The Mouse That Roared

The Mouse That RoaredSynopsis: All is Fair in Laughs and War!

In this classic satire, the Duchess (Peter Sellers) and the Prime Minister (Peter Sellers) of the tiny Duchy of Grand Fenwick have come up with a brilliant plan to keep their country from going broke- make war on the United States, lose, then collect lots of American post-war aid. Their only mistake is not telling their invasion force leader (Sellers again, in chainmail!) that he’s supposed to lose. Sellers lands in New York City during an air raid drill and finds the streets empty. He then proceeds to capture a brilliant scientist (David Kossoff), his assistant (Jean Seberg) and his awesome new weapon. The U.S. is forced to surrender! Grand Fenwick then forms the League of Little Nations which presents the big nations with its terms- PEACE FOREVER.


The Mouse That Roared 6.75

eyelights: Peter Sellers. its message about nuclear war and proliferation.
eyesores: the contrived plot. the weak reasoning supporting certain plot developments.

“I’ve given this a lot of thought gentlemen and I’m perfectly positive that I am right. You must remember, the Americans are a very strange people. Whereas other countries rarely forgive anything, the Americans forgive anything. There isn’t a more profitable undertaking for any country than to declare war on the United States and to be defeated.”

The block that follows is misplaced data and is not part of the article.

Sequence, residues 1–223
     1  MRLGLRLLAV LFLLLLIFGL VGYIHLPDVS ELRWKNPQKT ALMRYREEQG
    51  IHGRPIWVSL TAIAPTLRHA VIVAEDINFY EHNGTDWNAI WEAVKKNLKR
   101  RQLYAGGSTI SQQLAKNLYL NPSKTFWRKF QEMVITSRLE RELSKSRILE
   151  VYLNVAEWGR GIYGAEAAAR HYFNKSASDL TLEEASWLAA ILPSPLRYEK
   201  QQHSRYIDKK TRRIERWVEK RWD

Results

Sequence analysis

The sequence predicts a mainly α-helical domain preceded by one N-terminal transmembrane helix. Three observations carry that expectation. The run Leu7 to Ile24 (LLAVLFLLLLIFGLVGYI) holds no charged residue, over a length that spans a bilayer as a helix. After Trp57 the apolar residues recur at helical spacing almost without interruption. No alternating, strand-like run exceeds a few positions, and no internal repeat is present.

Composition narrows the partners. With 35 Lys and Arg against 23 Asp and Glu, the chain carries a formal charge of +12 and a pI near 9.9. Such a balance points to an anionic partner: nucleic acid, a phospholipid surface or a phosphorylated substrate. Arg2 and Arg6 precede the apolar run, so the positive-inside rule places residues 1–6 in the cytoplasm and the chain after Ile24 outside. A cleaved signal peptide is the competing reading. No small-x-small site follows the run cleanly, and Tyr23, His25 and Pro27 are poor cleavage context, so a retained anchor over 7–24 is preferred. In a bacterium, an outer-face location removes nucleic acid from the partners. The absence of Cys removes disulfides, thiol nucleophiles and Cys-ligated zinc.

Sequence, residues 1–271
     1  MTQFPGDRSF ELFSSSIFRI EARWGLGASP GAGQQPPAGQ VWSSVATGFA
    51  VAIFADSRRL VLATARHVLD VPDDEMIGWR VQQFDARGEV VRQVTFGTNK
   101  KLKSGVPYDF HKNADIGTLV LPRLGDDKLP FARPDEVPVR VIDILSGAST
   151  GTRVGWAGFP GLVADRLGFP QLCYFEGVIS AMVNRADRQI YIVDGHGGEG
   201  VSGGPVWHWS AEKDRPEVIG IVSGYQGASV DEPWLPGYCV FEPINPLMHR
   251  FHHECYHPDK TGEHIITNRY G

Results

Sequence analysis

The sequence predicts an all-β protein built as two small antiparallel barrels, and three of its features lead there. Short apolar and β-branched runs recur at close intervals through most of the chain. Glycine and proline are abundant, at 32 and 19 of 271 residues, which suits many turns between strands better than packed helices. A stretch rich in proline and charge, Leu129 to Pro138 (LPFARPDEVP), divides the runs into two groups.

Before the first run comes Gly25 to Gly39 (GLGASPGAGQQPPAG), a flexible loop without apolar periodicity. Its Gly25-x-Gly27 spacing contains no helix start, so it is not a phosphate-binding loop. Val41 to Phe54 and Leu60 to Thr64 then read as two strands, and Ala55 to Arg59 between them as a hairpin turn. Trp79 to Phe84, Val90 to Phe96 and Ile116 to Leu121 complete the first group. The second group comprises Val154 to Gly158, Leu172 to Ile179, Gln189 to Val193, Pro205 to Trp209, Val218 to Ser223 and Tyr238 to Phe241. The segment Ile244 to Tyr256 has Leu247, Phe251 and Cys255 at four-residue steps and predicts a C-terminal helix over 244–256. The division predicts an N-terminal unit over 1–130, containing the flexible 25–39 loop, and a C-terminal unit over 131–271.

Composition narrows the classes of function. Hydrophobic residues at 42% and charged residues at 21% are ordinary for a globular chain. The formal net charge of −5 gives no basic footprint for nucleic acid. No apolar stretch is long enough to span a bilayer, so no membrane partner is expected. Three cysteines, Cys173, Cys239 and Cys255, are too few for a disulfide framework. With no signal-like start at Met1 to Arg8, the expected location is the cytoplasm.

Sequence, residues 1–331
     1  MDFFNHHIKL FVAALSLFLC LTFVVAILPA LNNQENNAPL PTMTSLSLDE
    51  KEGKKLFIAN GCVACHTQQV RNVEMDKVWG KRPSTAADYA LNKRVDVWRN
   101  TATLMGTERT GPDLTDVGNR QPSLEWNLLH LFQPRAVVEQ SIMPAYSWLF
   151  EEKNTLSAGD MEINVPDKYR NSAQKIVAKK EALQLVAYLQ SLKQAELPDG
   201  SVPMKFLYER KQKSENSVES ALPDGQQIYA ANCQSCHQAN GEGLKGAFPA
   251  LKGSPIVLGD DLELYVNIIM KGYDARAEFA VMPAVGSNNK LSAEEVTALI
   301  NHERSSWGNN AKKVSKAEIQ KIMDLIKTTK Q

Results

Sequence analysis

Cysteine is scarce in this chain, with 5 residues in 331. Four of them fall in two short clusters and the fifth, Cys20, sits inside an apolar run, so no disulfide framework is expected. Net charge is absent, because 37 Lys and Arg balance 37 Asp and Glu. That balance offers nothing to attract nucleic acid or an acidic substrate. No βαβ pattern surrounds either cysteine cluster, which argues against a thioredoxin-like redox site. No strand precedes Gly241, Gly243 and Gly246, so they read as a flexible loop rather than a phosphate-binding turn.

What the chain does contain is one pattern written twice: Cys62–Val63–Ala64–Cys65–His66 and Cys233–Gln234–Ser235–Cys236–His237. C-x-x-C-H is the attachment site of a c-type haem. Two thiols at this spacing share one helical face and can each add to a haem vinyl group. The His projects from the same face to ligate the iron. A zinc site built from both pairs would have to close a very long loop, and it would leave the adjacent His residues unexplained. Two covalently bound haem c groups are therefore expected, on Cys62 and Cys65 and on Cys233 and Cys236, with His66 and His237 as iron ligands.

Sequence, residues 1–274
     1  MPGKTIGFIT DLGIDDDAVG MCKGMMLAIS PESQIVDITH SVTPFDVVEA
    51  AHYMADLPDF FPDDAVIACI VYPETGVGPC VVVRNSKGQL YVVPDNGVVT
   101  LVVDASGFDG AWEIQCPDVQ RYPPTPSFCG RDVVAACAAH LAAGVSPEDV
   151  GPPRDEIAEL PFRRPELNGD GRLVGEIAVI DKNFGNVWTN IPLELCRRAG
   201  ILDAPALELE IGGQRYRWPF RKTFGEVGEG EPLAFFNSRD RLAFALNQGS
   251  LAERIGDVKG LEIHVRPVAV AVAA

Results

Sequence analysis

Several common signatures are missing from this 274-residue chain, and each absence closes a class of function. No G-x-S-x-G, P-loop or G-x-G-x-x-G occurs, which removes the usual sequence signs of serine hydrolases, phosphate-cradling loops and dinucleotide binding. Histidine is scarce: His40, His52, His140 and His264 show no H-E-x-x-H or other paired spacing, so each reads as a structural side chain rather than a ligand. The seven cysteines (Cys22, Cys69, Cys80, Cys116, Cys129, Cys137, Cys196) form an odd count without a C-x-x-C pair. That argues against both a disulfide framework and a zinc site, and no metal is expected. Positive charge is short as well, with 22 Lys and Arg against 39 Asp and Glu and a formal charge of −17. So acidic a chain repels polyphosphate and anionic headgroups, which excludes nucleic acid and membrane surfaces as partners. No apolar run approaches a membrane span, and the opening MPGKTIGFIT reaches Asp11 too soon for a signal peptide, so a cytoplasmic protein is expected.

‘The Mouse That Roared’ is a 1959 comedy based on the 1955 satirical novel by Leonard Wibberley. It tells the story of the fictional duchy of Grand Fenwick, a miniscule country hidden away in the French Alps which finds itself bankrupt when its only export, the Pinot Grand Fenwick, is emulated in California and sold at a cheaper price (amusingly, the original title of the book was ‘The Wrath of Grapes’).

With nothing to lose and everything to gain, their Prime Minister convinces the government to wage war against the United States – with the intention of losing and reaping the benefits of the post-war effort. Little does he know that Tully, the incompetent Field Marshall leading the Fenwick archers, would find a way to spoil his plans – by actually winning the war.

Both the book and the movie were not just satirical but also critical of global politics and the nuclear arms race. Evidently, this timely commentary (it was released in the midst of the Cold War) intended to make its audiences reflect upon the then-current state of things while laughing at the absurdity of it all – much like ‘Dr. Strangelove‘ would do even more effectively five years later.

That’s the picture’s most laudable trait, naturally. But the real reason to watch the picture is for Peter Sellers, who plays three main parts in the picture: Grand Duchess Gloriana XII, Prime Minister Count Rupert Mountjoy, and Tully Bascombe. For fans and non-fans alike, this is quite a treat: even though not each performance is equal, more Sellers is always better.

Case-in-point, the afore-mentioned ‘Dr. Strangelove’.

Sellers is terrific as the PM: he’s slimy, wily, a good orator. Sellers plays him appropriately broad given the context. He’s not as efficient as the Grand Duchess, partly because he can hardly pass as a woman. But as caricature, she’s decent enough. The weakest link has got to be Tully, unfortunately: as a main character, he’s far too meek, boring, and, thus, unfunny.